Tuesday, 18 April 2017

Comic Digital Archive - The Spider

Devised to cash in on the encroaching Silver Age dazzle bleeding across the Atlantic, The Spider is still the crown jewel in IPC Fleetway's pantheon of very British heroes. His antics, printed in the weekly Lion, took place in America (primarily the fictional Croy) but there the similarity with the likes of Spider-Man ended. Of uncertain origin (he just appears, even his species is never really confirmed or denied) the character even started off as a villain, a common theme for strips of the period - The Steel Claw started the same way. Immediately he picked up the services of crooked scientist Professor Pelham and dumb safecracker Roy Ordini, who would be the faces of the army of crime he recruited to help carry out his schemes from a castle overlooking the city.



Initially written by Robot Archie co-creator Ted Cowan and always drawn by the superlative Reg Bunn (whose intense cross-hatching technique gave it an atmosphere as unique as the lead) the character was picked as an assignment by Superman creator Jerry Siegel after DC's lawyers chased him for suggesting maybe they could pay him more than $130 for creating their most successful character and effectively kick-starting the whole genre. His Golden Age shock-and-awe scripting worked superbly with the already frantic pace of the 2-4 page British serial instalment and the story rapidly shed its' boring cops and other vaguely realistic trappings in favour of more larger than life elements, all still filtered through the fractured lens of a country that didn't really do superheroes. From the third story he began to introduce what would be a formidable rogue's gallery, starting with Doctor Mysterioso, followed by the Android Emperor and then infallible assassin the Exterminator, who was nullified by being offered a partnership.  After the Spider and the Exterminator had teamed up to take out a group of crime syndicates the former promptly turned on the latter.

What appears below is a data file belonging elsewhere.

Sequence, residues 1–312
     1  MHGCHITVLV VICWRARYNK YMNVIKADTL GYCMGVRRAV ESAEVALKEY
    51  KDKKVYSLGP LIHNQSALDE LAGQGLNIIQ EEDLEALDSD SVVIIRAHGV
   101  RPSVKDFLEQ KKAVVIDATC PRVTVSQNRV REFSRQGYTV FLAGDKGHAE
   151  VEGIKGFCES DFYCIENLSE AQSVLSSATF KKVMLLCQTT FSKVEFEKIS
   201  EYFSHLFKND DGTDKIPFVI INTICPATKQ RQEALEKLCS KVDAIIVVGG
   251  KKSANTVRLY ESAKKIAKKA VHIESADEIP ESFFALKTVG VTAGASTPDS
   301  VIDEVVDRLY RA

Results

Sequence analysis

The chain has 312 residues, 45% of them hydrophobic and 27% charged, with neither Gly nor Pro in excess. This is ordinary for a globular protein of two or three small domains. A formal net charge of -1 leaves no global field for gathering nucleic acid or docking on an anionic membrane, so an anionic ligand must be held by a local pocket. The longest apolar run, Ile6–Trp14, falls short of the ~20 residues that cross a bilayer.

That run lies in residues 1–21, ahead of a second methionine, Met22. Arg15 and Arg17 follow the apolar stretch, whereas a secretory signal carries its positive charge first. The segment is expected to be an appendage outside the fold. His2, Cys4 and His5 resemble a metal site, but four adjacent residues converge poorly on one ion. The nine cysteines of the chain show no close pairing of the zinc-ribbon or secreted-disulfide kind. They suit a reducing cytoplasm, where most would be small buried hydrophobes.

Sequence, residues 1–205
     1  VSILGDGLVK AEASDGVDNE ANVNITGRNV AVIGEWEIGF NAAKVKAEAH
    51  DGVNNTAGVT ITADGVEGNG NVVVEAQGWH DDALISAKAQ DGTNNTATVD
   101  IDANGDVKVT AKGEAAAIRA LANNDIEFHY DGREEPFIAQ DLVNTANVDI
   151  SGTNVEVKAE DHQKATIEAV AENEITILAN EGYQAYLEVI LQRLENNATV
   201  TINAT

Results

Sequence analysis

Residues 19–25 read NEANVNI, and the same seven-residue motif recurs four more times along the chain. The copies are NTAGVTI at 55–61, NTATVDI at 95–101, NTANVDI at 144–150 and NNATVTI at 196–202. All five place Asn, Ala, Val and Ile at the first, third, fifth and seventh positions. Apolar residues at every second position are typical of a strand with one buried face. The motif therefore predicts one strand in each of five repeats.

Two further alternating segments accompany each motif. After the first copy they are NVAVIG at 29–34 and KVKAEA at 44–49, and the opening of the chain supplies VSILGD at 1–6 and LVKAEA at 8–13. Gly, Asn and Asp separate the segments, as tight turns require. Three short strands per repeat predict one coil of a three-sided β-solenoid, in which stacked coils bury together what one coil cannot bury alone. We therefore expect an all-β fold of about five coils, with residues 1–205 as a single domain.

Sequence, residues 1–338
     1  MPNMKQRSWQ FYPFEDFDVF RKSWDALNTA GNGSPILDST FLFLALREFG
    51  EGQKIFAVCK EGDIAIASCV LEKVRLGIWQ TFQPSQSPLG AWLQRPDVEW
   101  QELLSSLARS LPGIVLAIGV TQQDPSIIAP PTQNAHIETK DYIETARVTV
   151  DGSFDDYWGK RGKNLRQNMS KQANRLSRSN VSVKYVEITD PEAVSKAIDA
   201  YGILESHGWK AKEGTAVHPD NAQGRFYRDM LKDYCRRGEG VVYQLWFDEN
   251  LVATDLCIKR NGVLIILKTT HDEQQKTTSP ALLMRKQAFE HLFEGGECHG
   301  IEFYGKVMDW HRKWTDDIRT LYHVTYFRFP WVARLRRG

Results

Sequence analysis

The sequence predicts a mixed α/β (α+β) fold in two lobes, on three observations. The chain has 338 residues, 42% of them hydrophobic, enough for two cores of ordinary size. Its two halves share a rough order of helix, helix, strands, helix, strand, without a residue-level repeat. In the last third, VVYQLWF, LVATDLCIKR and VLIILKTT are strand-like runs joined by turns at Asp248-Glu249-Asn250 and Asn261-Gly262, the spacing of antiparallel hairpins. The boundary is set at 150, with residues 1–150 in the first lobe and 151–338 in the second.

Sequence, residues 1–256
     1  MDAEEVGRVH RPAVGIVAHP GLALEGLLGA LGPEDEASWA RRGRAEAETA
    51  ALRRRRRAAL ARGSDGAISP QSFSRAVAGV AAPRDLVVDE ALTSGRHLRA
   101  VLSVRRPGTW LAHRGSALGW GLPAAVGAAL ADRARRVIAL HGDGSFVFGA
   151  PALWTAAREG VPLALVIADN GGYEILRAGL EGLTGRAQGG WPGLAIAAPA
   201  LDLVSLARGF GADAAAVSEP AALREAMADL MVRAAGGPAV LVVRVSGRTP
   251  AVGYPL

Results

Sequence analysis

At the end of the fifth the Spider decided committing crime was becoming boring and switched to the side of good. Sort-of, at least - rather than rescuing people from burning buildings or anything independently altruistic he took on the challenge of taking down criminals instead to stave off boredom, his character and methods remaining all but unchanged as he matched up against the shape-shifting Crook from Outer Space, the Crime Genie, the Incredibles-prefiguring Spider-Boy and the Sinister Seven (a seven-month long epic that also introduced the Society of Heroes, a group of allies who rapidly turned out to be a selection of paper tigers). Siegel had so much fun writing the Sinister Seven storyline that he actually refused to end it, Lion editors substituting an abrupt conclusion after 31 instalments.